- Be selective in use of CIP applications, given the surrender of term. If the new matter gives rise to an invention that is not obvious or anticipated by the earlier application, consider filing a new application as opposed to a CIP. However, if the client wishes to also pursue claims fully supported by the earlier application and the new matter is best suited for dependent claims, a CIP application may be the better route. CIP applications may also be useful when a client wishes to present more data, such as in complex chemical or biotechnology inventions. However, pharmaceutical inventions will benefit from longer patent terms, especially if the pharmaceutical is successful in the marketplace. Some drugs may command revenues in the hundreds of millions of dollars per day, making surrender of any patent term unwise.
- Include all references to prior applications in an application data sheet (ADS) and, although no longer required if present in the ADS, amend the written description to contain each such reference in the first sentence(s) following the title, and include the heading “Cross-reference to Related Applications.” Consistent with 35 U.S.C. § 120 and 37 C.F.R. § 1.78, the MPEP provides detailed guidance on how to claim priority from multiple prior-filed applications. It states that “[t]he reference to the prior applications must identify all of the prior applications and indicate the relationship (i.e., continuation, divisional, or CIP) between each nonprovisional application in order to establish copendency throughout the entire chain of prior applications.” MPEP § 201.11 III.C.. Although such a chain should be specified upon filing the subsequent application, amending an application to change its relationship to a prior-filed application should take place as soon as possible, or be included in an ADS, since the ADS listing will control, and changes by petition after USPTO designated time periods may be very expensive. Note that reference to non-U.S. applications (other than PCT or international design applications) MUST be made in the first sentence following the title of the specification. For IDS practice, it is customary to cross-reference a client’s other patent applications that are not related as parent, continuation, divisional, etc., if the subject matter covered by those applications may be considered related. Use a conservative, but common sense, approach. Carrying on with the theme from above, one may take the position that, at some level, jet engines and kitchen gas stoves are both “combustion apparatus,” but they are hardly related enough in subject matter in most cases to worry about whether they are “related” for patent purposes. They are “non-analogous arts.”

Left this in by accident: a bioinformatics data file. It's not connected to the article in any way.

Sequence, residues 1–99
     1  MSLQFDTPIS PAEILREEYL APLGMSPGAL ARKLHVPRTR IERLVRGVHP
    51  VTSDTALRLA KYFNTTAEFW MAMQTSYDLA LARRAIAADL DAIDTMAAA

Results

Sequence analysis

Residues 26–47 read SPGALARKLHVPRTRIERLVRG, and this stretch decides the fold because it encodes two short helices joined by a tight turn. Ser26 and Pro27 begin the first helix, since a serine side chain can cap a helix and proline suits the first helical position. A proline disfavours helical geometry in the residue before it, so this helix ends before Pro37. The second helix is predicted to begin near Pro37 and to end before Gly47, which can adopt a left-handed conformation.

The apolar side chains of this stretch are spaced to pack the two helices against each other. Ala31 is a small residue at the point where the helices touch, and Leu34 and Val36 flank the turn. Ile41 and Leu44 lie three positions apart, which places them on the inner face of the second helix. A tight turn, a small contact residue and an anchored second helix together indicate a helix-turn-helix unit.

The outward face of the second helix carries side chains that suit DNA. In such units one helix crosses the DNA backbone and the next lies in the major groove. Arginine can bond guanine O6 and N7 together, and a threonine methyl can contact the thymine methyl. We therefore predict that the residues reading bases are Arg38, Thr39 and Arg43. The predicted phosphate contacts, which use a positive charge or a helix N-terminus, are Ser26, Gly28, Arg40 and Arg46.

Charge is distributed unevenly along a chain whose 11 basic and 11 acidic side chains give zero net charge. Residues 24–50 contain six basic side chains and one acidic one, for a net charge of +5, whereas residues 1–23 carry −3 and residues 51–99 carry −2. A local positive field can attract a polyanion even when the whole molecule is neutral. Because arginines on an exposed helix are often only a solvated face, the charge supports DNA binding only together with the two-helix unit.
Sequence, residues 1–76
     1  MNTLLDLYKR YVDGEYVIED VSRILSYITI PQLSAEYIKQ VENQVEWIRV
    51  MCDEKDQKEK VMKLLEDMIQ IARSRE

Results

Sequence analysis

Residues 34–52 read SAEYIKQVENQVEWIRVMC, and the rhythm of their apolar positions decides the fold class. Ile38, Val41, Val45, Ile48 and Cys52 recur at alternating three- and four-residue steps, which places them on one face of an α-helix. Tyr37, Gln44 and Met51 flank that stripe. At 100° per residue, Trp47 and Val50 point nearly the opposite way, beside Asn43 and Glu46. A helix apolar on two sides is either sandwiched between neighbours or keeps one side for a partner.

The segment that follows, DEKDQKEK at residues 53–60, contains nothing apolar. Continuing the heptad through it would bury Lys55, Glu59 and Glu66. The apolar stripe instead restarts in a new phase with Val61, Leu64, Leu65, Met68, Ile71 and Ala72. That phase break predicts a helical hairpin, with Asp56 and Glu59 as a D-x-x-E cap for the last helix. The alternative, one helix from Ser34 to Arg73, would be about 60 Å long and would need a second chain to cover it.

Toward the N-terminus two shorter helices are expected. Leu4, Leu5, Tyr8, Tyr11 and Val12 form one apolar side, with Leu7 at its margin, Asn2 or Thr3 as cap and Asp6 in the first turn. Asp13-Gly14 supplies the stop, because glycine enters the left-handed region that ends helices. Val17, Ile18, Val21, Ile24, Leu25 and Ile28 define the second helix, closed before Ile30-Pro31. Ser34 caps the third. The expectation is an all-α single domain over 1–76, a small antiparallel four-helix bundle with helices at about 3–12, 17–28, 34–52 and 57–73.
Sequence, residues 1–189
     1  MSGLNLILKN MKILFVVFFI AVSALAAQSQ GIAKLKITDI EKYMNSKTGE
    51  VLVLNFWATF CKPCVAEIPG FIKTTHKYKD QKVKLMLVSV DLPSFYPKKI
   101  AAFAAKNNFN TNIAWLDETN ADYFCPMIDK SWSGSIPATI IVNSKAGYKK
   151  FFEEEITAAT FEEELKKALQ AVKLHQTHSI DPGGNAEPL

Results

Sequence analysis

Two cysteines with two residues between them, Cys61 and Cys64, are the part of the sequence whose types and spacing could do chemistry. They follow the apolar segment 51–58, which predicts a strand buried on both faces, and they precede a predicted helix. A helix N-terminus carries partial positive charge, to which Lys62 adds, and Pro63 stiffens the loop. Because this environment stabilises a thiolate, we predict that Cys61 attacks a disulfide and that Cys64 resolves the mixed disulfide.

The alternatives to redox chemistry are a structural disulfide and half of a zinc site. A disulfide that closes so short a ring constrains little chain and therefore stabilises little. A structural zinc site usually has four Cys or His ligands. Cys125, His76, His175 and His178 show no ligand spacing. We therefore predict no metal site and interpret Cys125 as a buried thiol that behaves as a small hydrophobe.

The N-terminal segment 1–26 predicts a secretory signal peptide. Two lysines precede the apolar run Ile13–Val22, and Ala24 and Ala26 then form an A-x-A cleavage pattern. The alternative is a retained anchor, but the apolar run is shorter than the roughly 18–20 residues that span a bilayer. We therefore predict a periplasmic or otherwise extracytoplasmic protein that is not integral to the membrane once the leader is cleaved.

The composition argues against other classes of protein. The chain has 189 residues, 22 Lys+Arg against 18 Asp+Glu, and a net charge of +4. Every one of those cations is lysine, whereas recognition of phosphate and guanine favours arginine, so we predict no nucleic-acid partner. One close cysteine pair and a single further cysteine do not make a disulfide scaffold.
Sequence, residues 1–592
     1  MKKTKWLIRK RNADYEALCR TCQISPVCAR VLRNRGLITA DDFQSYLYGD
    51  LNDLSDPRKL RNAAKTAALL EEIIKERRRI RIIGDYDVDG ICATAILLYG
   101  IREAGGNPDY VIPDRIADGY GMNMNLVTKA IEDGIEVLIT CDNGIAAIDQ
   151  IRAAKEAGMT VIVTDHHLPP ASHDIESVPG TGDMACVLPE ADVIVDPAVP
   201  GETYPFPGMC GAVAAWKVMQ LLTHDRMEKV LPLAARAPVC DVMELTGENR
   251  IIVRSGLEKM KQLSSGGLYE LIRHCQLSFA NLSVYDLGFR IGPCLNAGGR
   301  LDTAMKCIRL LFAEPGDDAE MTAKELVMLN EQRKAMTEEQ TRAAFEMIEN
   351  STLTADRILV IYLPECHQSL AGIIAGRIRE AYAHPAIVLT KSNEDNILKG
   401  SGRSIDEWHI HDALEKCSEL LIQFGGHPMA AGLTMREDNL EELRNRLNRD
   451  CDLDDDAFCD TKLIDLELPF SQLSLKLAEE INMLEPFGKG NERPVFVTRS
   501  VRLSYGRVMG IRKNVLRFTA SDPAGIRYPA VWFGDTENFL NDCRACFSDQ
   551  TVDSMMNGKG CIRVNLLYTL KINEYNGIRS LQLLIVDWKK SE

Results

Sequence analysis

- Be careful about surrendering claim scope in any of the related applications, especially if limitations at issue are the same or highly identical to each other across the patent application family.
- Avoid expansive language in a terminal disclaimer, e.g., do not disclaim any and all term portions “of any patent granted on the above-identified application or on any application which is entitled to the filing date of this application under 35 U.S.C. § 120.”
- Double-check inventorship of a subsequent application to make sure that only the required inventors are named (and have filed declarations).
In summary, continuation applications and their implications, limited by the co-pendency requirement of 35 U.S.C. § 120, present both opportunities and challenges. Continuing applications provide avenues for tactical and strategic planning for applicants. Planning and forethought can maximize the value of a patent or patent portfolio. However, though there are gains to be had, avoidable pitfalls also exist.